This introduction was followed by a “game” called two truths, one lie. All present members wrote down three things about themselves, of which two things were true and one was not. In conversations with the others, the participants then tried to find out which of the written statements was a lie. This interactive exercise was a good way to get to know each other better, and to see if any stereotypes were present.

Subsequently, Martijn Bergsma read out a short story, and asked the present members what images they then created in their minds. Were there any people of color, people with disabilities, or people who are gay in the story, as imagined in their minds? This practice made the present members aware of their own way of viewing things. A discussion on the definition of the terms “stereotype” and “prejudice” followed.

The concept of the Human Library was then explained in more detail, including a short introduction video. The concept of the Human Library started in Denmark, in 2000 and provides people with the opportunity to “read” a human book in the form of a one-on-one dialogue. Each human book is connected to a certain stereotype, about which the “reader” can ask questions.

To show what the Human Library methodology is really like, Martijn Bergsma brought a human book with him: Robert Katende. His “cover title” was “Ugandan Homosexual Refugee”. Sander

Francken volunteered to have a dialogue with this human book, and asked him questions about his background and current environment.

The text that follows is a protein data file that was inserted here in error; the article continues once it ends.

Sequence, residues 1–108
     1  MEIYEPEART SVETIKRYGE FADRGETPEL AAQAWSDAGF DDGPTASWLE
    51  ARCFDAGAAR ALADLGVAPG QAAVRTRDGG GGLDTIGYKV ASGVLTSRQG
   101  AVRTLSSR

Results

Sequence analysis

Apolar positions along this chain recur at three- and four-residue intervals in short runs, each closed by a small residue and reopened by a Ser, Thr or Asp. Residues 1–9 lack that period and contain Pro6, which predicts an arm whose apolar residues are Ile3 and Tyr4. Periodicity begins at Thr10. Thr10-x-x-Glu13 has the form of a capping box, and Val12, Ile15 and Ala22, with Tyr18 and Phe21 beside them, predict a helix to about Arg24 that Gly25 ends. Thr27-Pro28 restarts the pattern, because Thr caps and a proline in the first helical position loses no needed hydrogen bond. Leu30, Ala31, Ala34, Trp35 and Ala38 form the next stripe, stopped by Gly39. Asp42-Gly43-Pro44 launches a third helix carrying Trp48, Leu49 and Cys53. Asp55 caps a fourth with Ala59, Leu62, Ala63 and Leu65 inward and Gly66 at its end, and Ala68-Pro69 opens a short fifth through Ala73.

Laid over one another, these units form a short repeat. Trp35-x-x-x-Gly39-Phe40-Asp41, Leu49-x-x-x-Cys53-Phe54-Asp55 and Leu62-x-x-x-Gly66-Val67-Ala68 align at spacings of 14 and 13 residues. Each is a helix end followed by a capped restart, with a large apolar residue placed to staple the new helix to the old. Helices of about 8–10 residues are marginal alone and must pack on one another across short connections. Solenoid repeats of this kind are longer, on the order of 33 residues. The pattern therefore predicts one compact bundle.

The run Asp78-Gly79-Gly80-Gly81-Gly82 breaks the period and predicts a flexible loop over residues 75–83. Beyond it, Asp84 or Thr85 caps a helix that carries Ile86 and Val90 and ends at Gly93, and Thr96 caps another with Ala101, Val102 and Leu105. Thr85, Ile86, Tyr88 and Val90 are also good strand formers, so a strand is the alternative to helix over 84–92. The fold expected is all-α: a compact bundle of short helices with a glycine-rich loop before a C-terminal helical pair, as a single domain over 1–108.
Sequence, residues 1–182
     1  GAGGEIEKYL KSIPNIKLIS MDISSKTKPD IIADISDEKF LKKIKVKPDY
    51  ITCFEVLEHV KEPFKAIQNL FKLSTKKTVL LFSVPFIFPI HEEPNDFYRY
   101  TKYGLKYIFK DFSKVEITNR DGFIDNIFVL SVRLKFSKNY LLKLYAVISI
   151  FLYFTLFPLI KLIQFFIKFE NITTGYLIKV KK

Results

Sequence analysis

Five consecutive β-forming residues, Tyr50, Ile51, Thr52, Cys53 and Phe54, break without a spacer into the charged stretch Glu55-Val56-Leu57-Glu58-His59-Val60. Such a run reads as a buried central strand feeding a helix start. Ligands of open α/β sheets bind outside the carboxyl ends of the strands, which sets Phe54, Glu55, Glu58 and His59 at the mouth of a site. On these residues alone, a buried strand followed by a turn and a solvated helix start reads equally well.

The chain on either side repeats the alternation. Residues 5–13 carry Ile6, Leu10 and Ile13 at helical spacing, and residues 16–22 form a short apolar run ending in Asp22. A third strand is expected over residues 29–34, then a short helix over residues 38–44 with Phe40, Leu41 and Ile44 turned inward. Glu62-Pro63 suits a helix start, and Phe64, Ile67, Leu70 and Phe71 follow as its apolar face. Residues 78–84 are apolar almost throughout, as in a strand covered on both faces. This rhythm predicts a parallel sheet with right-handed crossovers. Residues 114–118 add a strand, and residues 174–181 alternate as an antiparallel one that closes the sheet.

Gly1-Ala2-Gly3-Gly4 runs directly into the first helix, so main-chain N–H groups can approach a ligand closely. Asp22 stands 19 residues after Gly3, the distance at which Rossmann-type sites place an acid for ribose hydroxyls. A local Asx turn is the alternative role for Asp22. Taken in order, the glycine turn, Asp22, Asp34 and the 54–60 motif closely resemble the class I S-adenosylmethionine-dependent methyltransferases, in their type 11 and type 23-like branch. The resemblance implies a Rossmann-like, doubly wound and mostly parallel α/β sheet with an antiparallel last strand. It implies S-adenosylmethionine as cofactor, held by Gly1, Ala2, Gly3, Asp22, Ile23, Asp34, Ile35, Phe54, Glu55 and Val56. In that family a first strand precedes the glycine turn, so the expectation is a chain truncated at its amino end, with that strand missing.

After this dialogue, a few other members asked questions to Robert Katende. The general response to the Human Library concept was very positive. The workshop was ended with an evaluation session, in which all participants chose a card with a picture that represented their mood.

The entire network meeting then finished with everyone filling in an evaluation form on the entire meeting. After this, there was the opportunity for the members to enjoy drinks and talk some more with each other.

Evaluation

Overall, the results of the evaluation of this network meeting were positive. Members were especially enthusiastic about the Human Library Workshop, which they found “useful”, “insightful”, “enjoyable”, “interactive” and a “mind opening experience”. The Human Library Workshop, as well as the presentations by members, made the shared work of the members more tangible.

About the updates from the network session, members said it was informing and useful to have the bigger picture, but it could have been more concise.

The governance session was also considered useful, but the feedback was that it could also have been shorter, and more practical, in for example asking the network what they can do to improve the network. The meeting could also improve by a greater variety in presentations, in the sense that more different media forms (images/films) could be used.

In general, however, members evaluated the event as very useful, especially because it offered the opportunity to meet other members of the network and to interact with like-minded people. A suggestion that was made was to introduce a “dating system” during the next meeting, in which the members could briefly explore what they could do to work together. Other positive reactions were that the overall meeting was clear and well organized.